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Chapter 4

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Department
Psychology
Course
PSY210H5
Professor
Elizabeth Johnson
Semester
Summer

Description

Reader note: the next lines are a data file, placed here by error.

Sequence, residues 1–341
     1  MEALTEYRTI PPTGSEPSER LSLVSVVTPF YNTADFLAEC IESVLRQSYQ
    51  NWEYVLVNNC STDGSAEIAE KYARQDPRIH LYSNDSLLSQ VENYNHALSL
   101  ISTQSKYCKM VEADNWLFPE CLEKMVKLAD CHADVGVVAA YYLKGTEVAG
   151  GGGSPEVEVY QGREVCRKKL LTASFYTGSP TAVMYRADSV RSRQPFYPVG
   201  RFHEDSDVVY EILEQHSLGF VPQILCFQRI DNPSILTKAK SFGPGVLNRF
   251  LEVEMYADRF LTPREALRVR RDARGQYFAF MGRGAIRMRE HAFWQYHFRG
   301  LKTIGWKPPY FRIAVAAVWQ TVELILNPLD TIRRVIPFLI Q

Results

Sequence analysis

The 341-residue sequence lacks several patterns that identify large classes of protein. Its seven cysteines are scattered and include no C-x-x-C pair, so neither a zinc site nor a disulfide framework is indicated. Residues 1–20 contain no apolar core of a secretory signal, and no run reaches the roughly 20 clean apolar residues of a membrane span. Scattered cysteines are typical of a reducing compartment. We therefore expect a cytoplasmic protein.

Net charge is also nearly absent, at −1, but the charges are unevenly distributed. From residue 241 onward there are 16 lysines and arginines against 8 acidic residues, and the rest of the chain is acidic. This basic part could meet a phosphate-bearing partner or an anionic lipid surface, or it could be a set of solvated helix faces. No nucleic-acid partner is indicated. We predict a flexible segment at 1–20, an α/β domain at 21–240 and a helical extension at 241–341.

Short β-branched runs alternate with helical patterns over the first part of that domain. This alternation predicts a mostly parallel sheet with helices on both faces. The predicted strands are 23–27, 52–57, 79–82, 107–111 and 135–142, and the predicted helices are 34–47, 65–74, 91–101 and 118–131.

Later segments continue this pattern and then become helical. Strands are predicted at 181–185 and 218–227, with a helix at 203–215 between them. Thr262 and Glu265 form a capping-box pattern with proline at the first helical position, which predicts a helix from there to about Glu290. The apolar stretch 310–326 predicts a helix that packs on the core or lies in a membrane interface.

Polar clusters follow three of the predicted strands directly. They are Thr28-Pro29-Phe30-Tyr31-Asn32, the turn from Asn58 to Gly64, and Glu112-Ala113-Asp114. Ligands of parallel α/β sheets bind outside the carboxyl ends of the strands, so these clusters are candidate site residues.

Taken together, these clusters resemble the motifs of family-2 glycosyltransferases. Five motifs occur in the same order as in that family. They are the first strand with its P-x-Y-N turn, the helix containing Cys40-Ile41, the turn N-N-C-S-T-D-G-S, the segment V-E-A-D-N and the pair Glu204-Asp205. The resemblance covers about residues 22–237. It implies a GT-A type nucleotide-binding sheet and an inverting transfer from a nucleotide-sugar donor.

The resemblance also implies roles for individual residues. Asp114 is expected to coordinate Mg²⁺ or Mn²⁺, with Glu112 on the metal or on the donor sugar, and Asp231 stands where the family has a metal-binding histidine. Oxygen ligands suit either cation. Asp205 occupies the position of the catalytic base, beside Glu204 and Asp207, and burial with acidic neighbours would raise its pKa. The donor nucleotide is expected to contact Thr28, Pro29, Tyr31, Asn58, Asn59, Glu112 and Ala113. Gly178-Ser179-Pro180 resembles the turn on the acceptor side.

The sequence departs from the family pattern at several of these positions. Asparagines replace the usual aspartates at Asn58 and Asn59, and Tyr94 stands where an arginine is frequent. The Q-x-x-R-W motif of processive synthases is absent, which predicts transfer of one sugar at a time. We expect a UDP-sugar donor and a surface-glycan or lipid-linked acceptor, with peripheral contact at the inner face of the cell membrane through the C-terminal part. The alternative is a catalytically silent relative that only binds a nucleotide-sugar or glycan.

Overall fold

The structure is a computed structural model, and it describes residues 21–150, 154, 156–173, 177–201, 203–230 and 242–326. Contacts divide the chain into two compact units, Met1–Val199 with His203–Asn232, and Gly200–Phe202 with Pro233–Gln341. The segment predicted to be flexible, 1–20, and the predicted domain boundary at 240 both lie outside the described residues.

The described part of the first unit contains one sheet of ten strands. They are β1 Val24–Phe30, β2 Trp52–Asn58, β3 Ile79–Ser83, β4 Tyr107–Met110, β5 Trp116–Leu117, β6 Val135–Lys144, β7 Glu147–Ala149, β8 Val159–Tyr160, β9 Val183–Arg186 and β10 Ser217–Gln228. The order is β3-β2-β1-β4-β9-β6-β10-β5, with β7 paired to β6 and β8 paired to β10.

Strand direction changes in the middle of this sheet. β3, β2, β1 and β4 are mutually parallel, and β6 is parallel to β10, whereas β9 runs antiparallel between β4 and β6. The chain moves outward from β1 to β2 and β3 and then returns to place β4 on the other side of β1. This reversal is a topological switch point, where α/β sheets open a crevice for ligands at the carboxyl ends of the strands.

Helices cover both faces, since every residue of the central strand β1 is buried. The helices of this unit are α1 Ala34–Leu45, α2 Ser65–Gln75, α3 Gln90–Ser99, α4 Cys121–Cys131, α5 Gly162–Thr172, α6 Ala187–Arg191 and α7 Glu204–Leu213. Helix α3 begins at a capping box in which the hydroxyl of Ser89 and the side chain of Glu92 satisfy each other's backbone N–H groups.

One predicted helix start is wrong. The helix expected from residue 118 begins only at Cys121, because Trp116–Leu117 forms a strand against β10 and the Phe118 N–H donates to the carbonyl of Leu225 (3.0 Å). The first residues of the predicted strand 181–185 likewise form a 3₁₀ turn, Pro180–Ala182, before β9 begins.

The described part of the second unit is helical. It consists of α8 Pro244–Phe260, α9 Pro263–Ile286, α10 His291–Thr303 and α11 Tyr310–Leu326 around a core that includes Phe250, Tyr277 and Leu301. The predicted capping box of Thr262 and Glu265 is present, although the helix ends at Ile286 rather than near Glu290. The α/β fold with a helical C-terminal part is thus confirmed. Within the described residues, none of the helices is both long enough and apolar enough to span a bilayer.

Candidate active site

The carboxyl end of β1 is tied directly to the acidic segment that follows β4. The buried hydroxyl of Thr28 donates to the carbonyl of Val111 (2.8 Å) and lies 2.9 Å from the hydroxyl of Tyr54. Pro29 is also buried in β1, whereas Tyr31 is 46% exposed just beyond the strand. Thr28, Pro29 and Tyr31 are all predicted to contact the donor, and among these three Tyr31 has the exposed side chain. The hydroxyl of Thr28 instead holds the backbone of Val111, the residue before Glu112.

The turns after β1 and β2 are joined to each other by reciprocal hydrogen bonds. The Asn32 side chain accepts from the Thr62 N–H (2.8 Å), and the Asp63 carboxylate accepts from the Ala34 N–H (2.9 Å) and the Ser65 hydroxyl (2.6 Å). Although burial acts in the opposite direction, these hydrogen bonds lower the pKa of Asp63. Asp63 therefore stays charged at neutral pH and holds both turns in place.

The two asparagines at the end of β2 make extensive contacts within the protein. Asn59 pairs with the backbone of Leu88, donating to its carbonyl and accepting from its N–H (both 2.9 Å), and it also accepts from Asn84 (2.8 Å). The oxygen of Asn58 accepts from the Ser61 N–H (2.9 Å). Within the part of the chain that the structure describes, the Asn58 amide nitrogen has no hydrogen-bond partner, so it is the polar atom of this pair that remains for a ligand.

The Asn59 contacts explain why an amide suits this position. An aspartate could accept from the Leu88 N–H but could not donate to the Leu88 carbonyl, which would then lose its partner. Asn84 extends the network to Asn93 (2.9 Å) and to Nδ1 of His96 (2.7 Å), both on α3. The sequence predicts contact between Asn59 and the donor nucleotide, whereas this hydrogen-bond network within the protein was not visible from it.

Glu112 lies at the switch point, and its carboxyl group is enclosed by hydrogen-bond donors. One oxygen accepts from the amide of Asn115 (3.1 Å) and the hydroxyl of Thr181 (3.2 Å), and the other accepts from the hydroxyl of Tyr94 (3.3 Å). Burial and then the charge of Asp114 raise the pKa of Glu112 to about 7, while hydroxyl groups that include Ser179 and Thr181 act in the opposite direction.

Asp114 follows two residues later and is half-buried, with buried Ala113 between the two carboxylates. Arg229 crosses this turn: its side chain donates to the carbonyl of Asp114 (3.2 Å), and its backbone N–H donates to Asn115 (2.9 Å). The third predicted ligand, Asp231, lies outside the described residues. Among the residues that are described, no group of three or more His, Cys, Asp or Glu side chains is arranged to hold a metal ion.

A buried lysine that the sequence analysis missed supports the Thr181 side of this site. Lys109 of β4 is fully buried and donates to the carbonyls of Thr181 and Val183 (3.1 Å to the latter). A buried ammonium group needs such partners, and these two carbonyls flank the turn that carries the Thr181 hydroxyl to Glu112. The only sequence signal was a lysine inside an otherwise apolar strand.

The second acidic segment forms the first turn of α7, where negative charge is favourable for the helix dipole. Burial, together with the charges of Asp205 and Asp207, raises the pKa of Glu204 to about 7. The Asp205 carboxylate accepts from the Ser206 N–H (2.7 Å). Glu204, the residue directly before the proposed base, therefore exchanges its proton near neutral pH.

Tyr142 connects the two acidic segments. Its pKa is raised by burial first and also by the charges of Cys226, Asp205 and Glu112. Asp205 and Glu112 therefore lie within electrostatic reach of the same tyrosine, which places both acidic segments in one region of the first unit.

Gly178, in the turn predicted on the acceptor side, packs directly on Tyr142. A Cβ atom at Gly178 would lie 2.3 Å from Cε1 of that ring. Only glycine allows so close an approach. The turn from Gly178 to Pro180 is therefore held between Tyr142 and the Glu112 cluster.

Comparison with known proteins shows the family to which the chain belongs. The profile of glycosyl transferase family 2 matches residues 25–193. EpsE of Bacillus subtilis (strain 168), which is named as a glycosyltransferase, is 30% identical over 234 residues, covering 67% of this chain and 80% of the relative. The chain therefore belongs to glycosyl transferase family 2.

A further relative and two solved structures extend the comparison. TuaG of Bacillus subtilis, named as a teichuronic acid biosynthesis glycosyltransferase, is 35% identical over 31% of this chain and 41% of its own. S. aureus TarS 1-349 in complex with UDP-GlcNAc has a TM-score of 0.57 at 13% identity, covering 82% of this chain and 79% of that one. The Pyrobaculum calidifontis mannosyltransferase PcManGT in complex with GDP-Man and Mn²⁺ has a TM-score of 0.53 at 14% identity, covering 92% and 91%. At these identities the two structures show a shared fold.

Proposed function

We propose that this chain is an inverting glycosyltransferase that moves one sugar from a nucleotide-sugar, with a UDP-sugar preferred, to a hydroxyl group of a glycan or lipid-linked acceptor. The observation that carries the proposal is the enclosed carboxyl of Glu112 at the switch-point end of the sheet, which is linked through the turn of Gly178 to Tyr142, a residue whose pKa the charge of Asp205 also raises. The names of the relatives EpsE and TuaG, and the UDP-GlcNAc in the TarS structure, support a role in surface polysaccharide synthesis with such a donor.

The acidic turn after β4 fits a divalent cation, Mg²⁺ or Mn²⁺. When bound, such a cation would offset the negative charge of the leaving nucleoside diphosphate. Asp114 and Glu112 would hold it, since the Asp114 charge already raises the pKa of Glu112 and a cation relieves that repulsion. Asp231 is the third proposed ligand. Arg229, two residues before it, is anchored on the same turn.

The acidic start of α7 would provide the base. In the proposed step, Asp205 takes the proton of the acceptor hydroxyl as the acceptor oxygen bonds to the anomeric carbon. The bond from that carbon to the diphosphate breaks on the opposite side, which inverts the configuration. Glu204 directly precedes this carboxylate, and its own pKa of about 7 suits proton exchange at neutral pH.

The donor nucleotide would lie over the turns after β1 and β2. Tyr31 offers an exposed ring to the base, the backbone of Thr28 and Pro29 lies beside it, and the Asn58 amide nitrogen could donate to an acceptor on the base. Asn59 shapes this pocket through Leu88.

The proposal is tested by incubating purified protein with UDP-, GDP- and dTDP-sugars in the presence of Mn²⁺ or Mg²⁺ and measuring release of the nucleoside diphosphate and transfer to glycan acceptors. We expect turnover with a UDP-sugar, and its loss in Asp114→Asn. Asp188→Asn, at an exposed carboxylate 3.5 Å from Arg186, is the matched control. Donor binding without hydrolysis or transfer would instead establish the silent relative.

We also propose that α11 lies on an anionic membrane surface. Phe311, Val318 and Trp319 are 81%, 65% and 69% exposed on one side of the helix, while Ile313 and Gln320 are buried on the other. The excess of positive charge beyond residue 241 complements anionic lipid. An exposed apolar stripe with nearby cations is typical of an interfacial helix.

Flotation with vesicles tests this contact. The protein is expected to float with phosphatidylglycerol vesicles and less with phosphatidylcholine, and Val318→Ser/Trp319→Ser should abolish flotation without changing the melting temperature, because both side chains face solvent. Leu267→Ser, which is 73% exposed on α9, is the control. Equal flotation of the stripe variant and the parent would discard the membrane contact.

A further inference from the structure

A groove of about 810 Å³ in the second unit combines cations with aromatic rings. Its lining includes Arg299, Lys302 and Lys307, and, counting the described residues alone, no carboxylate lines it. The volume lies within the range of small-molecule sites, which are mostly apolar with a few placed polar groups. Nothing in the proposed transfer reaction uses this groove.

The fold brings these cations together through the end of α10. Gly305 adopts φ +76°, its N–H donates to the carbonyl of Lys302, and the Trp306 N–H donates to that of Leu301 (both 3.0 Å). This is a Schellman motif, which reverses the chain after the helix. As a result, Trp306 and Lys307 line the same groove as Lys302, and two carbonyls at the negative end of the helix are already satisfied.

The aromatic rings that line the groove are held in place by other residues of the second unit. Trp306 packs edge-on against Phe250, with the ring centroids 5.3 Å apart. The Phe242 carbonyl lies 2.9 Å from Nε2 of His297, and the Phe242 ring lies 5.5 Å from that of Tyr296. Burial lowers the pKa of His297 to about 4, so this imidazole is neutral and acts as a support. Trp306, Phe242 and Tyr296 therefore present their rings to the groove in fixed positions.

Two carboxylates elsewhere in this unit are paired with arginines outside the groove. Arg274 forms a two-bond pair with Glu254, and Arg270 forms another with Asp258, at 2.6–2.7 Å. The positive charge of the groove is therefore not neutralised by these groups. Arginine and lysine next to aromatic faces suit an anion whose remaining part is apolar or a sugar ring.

Chapter 4: Infancy: Sensation,Perception,and Learning Notes The Newborn 1.A new baby’s reflexes: • some reflexes are permanent(blinking),while others, such as sucking, are replaced by voluntary behaviours that the baby learns early in life • abnormalities in a baby’s reflexes during the 1st days/weeks after birth can be useful indicators for identifying visual and hearing problems • reflexes that are either weak, absent, unusually strong, or that fail to disappear when expected can be a sign of neurological problems 2. Infant states: • infant state - a recurring pattern of arousal in the newborn, ranging from alert, vigorous, wakeful activity to quiet, regular sleep • infants states tells us some important characteristics of human behaviour: • they indicate that form early in life, human behaviour is organized and predictable • human beings are not passive creatures that merely react to the environment internal forces play a central role in infant states and their changes • a) Sleep: newborn sleeps about 70% of the time in a series of long and short naps during the day and night • • by the time the baby is 8 weeks he/she is sleeping more during the night • infants also become less fussy as they gain better control over their states of arousal • by the end of the 1st year,most infants sleep through the night, which shows that the infant’s internal biorhythms adapt to the demands of the external world • sleeping arrangements and times differ across cultures • co-sleeping arrangements may decrease the risk of SIDS • in newborns, 50% of sleep is REM autostimulation theory - the theory that during REM sleep the infant’s brain stimulates itself and that this,in turn, • stimulates early development of the CNS b) Crying: • earliest means of communicating needs • 3 patterns of crying: • basic - linked to hunger; becomes louder gradually; sequence is cry-rest-inhale-rest • angry - crying segments are longer than the ones in basic pattern; causes include removal of pacifier or toy • pain - sudden,loud from the start, and made up of a long cry followed by a long silence that includes holding of the breath,and then followed by a series of short,gasping inhalations; causes include discomfort from soiled diaper, or stomach pain • mothers can can only distinguish the crying patterns of their own babies • crying in early months=physiological needs; crying after 3/4 months=psychological needs (pick up/play) • colic occurs in about 20% of infants and it usually begins b/w 2 and 4 weeks of age 3.How to soothe and infant: a) Infants’ abilities to soothe themselves: • sucking on the baby’s own thumb may help with soothing • sucking on substances that have sweet taste is more effective than sucking on plain water soothing techniques that work will change as the infant develops • b) How parents soothe their babies: • use of pacifier • rocking,swaddling,and massaging • in swaddling, a baby is wrapped tightly in a blanket/cloth,thus keeping her arms are legs immobile 4. Evaluating the newborn’s healthy and capabilities: • tests of the baby’s reflexes may be combined with other assessment techniques • Brazelton Neonatal Assessment Scale - a scale used to measure an infant’s sensory and perceptual capabilities,motor development,range of states,and ability to regulate these states. The scale also indicates whether the brain and the CNS are properly regulating autonomic responsivity The Infant’s Sensory And Perceptual Capacities • the fact that infant’s sensory and perceptual abilities are especially sensitive to the social environment suggests that babies’ perceptual and sensory systems may be biologically prepared to processes and respond to social stimuli • for full list of abilities see chart on pg. 130 1.Unlocking the secrets of babies’ sensory capabilities: • to study an infant’s sensory capabilities researchers have relied on information from the ANS(heart rate and breathing) • visual preference method - a method of studying infants’ abilities to distinguish one stimulus from another by measuring the length of time they spend attending to different stimuli • habituation - the process by which an individual reacts with less and less intensity to a repeatedly presented stimulus, eventually responding only faintly or not at all 2. Hearing: • for newborns,sounds must be louder than the sound that an adult can detect compared to adults, babies are less sensitive to low-pitched sounds • • babies are able of auditory localization • culture specific experience enhances their ability to process one type of musical scale over another the human auditory system may also be programmed for special sensitivity to the sound of human voices • • 2 days old babies prefer to hear the human voice over other sounds • babies learn do discriminate b/w voices very quickly 3.Vision: how babies see their worlds: a) The clarity of infant’s vision: • vision of infants under 1 month of age ranges from 20/200 to 20/800 • visual acuity seems to be within the normal adult range by the time a child is b/w 6 months and a year old b) How babies perceive colour: • babies can perceive some aspects of colour early in life • babies can clearly distinguish among colours by 3/4 months of age • early visual experience may be essential for normal colour perception to develop c) How babies perceive patterns: • both learning and experience are required to see patterns in an adult manner • certain elements of complex pattern attract a newborn’s attention, but we can’t conclude that babies this young perceive whole form • by 3 months, babies are also almost as good as adults in picking unified petters out of generalized movement • infants from 3-5 months old can extract a human figure’s structure from information about its motion, but they don’t seem to recognize the form of a person until they are around 9 months of age d) A preference for faces: • our innate preferences for human faces helps babies’ development in perceiving faces • newborns as young as 30 minutes old show a preference for images that are face-like as compared to images that are not face-like • also there is a neural system that supports the rapid learning of faces e) Depth perception: • the eyes of newborns move in the same direction only about half the time,so they myst rely on depth and distance cues that are available to each eye independently • depth perception improves with age,as eye coordination develops and more cues to depth and distance become available to the infant by 3-5 months babies can coordinate their 2 eyes,so they begin to see depth as adults do • • stereoscopic vision - the sense of a 3rd spatial dimension produced by the brain’s fusion(perception of depth) of the separate images contributed by both eyes,each of which reflects the stimulus from a slightly different angle f) Size and shape constancy: • size constancy tends to be present at birth as the child’s binocular vision develops, recognition of size constancy improves • • by 3 months babies show that they relate image growth to decreasing distance by blinking when the “moving” object seems to be on a collision course with them • some argue that shape constancy could be present at birth 4. Smell, taste, and touch: • infants can discriminate odours - they show “appropriate” facial expressions in response to odours • breast-fed babies come to learn and prefer the overall scent of their own mothers • newborns also respond selectively to different tastes • the more varied the mother’s diet,the more likely it is that offspring will consume novel foods after weaning • sense of touch might be one of the first senses to evolve • skin has the most touch receptors, and this may explain why newborns like to suck their fingers • newborns are more sensitive to pain than older adults • higher blood cortisol levels after a stressful situation is evidence that infants are sensitive to pain 5.Intermodal perception: How infants coordinate sensory information: • intermodal perception - the use of sensory information from more than one modality to identify a stimulus • there isn’t a reliable evidence of intermodal perception of vision and touch by about 3-4 months,although there are still limitations in this ability up to at least 6 months Early Learning And Memory 1.Classical and operant conditioning: • babies as young as 2 hours old were classically conditioned in one study • babies can also learn through operant conditioning 2. Learning through imitation: • to be learned, the behaviour has to be experienced by the infant • infants are able to learn without any over reward or punishment • by about 9 months, babies become capable of genuine imitation •these babies can imitate a series of modeled behaviours immediately and after an interval of 24 hours with no opportunity for practice